There’s no way to water this down: Colorado is really, really dry right now.
Thursday’s drought monitor report estimates that 27.22% of the state is in “exceptional” drought, a category indicating drought conditions that historically have occurred every 50 years.
This is up from 24.64% last week. The week-to-week increase came mostly from the southwestern corner of the state, which was previously in the “extreme” category. This category is for conditions historically occurring every 10 years.
Some of the reasons for the current drought include the low snow totals from last winter, little rain this summer and a continued lack of precipitation into the fall. In the southwest, these factors have meant that soil moisture has continued to drop, and stream flows are much lower than normal.
Rich Tinker, a meteorologist with the Climate Prediction Center and author of this week’s report, noted that even after the state’s recent snowstorms, it’s too soon to tell if they indicate a change in momentum, or if they’re “just a blip on the radar” in what could be a very dry winter.
“It’s way too early to make a projection as to how this winter is going to end up or how long (the drought) might continue,” Tinker said.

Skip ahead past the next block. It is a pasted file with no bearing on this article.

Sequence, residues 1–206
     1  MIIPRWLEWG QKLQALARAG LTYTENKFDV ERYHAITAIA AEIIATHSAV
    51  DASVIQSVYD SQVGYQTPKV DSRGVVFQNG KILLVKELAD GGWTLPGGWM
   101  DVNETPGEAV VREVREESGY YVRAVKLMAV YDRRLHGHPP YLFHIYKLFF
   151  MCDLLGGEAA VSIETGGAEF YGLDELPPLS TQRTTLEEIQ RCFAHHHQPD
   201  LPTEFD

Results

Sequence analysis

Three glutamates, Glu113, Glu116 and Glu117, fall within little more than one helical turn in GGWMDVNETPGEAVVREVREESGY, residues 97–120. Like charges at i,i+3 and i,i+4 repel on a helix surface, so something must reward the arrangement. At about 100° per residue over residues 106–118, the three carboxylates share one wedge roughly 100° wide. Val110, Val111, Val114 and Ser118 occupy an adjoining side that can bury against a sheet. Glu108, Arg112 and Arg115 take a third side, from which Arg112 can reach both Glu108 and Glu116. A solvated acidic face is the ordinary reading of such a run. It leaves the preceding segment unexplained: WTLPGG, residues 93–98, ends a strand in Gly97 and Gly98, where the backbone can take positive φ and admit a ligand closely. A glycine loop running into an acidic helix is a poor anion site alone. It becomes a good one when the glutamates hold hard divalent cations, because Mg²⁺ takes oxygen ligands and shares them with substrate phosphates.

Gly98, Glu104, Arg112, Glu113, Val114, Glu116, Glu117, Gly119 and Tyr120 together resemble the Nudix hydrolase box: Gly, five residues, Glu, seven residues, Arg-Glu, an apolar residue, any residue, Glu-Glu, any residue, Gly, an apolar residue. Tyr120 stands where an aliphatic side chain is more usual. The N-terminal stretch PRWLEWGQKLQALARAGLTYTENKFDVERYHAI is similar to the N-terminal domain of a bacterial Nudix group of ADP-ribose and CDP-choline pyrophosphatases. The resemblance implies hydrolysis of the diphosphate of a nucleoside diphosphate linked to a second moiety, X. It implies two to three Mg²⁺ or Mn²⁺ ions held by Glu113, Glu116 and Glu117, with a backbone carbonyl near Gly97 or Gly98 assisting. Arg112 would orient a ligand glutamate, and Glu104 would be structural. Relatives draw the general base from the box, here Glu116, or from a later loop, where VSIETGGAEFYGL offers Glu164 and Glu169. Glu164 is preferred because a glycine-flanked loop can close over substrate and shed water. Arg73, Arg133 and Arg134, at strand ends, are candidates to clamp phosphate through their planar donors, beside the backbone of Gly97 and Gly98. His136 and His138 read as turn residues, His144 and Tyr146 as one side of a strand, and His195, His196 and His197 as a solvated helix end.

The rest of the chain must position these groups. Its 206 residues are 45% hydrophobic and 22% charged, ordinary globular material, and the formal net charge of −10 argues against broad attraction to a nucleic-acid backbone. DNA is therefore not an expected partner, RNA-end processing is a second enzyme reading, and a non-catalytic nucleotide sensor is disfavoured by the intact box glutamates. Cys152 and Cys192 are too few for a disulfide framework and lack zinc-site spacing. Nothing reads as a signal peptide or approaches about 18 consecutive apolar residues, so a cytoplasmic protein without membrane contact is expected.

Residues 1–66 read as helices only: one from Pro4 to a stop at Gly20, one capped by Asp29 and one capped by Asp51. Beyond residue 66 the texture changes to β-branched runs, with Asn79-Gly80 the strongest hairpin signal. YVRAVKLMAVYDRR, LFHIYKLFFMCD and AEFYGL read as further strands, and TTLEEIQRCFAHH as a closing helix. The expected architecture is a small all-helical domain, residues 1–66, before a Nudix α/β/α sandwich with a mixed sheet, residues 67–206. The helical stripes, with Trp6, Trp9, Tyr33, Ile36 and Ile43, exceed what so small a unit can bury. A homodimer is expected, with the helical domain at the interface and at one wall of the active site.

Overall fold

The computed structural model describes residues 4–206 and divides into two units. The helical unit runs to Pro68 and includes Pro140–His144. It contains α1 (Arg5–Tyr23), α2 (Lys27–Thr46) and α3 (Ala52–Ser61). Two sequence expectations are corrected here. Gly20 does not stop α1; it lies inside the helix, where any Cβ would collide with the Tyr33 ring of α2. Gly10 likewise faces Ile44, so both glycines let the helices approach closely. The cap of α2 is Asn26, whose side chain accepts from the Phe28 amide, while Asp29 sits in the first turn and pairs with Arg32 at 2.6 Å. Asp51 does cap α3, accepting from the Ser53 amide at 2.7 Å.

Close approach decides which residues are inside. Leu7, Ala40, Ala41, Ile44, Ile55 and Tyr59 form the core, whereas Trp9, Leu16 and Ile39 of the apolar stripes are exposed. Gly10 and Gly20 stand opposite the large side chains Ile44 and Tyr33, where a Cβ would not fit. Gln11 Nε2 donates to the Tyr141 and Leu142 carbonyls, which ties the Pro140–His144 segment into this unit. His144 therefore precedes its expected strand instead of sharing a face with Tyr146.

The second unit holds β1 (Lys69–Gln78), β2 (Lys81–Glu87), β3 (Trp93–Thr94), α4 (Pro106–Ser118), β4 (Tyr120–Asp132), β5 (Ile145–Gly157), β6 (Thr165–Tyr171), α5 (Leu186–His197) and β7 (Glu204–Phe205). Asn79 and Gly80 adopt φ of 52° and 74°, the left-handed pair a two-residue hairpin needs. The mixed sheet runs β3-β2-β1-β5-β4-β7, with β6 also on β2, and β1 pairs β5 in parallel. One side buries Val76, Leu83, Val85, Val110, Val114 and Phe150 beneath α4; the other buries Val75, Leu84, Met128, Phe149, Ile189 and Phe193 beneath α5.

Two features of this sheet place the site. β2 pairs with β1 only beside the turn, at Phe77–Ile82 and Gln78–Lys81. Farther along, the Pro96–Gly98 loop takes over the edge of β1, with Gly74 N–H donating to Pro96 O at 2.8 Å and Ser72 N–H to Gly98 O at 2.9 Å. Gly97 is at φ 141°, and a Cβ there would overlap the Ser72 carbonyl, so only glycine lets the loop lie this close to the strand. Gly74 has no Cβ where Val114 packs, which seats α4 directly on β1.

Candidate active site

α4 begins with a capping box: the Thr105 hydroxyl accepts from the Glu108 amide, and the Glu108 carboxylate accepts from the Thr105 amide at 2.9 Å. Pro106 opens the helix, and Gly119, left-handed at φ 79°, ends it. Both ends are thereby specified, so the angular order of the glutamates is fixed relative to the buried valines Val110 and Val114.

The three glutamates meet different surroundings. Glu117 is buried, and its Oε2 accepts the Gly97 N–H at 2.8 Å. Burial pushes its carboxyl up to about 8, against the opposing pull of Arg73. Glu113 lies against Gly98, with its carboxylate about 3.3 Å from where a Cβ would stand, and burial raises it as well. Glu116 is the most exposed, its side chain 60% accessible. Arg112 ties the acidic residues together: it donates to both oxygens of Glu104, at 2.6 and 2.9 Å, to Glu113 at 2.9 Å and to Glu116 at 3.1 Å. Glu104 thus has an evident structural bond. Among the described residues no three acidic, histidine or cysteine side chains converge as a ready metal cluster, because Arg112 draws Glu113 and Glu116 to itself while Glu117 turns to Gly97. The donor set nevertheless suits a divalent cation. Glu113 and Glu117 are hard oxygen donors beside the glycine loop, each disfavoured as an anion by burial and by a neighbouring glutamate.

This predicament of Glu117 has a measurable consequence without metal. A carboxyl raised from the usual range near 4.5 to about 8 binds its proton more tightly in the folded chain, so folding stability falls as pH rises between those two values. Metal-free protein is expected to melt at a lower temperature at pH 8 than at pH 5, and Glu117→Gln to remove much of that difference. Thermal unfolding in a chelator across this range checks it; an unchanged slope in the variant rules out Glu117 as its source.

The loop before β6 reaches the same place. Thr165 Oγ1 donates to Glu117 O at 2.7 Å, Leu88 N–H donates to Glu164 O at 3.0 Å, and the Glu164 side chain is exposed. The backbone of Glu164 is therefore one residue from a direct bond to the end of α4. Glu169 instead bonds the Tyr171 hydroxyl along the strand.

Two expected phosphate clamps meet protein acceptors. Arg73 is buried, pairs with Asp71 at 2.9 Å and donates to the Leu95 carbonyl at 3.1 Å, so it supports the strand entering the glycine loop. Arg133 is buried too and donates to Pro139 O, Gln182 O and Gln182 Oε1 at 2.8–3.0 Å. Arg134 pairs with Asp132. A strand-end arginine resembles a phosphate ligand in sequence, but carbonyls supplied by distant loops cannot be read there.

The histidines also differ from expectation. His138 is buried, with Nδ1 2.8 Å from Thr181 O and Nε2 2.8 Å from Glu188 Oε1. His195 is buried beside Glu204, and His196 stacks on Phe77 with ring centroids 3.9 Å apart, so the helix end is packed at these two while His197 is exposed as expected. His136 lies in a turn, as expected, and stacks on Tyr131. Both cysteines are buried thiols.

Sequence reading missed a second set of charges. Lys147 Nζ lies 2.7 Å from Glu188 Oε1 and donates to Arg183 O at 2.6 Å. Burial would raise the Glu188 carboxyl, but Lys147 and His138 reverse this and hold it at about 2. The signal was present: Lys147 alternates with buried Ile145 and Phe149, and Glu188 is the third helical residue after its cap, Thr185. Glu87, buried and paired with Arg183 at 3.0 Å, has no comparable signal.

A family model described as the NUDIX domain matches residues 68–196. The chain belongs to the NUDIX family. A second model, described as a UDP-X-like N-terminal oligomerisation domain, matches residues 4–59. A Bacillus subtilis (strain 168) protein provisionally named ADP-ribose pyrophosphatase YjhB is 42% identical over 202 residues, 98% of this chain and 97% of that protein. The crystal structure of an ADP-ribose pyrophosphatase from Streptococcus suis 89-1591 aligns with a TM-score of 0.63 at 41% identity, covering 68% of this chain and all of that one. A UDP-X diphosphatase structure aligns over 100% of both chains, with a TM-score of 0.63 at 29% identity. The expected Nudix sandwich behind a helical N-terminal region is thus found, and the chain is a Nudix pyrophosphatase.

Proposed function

This time last year, about 75% of the state was in some sort of drought, but it was not as severe as the “extreme” or “exceptional” categories. The most significant difference year-to-year has occurred in the northern half of the state, and particularly Grand County and surrounding areas.
All of Colorado has been in some degree of drought since mid-October. The last time this happened was in 2013, and even then, “exceptional” drought was not as widespread as it is now.
Of the 1,090 weeks that the U.S. Drought Monitor has put out its national report, Colorado has seen just seven weeks when “exceptional” drought was this widespread, Tinker said. They all occurred in 2002.
“This is a pretty anomalous situation that we’re in,” he said.
The drought monitor report is measured based on 30-year averages — which are themselves updated every 10 years — rather than averaging all the data available since scientists started measuring drought. Come 2021, the organization will update its 30-year average to end with 2020 data.
Tinker noted that the impacts of climate change further emphasize the need to put data in an updated context. “When does dry become normal if it’s always dry?” he said.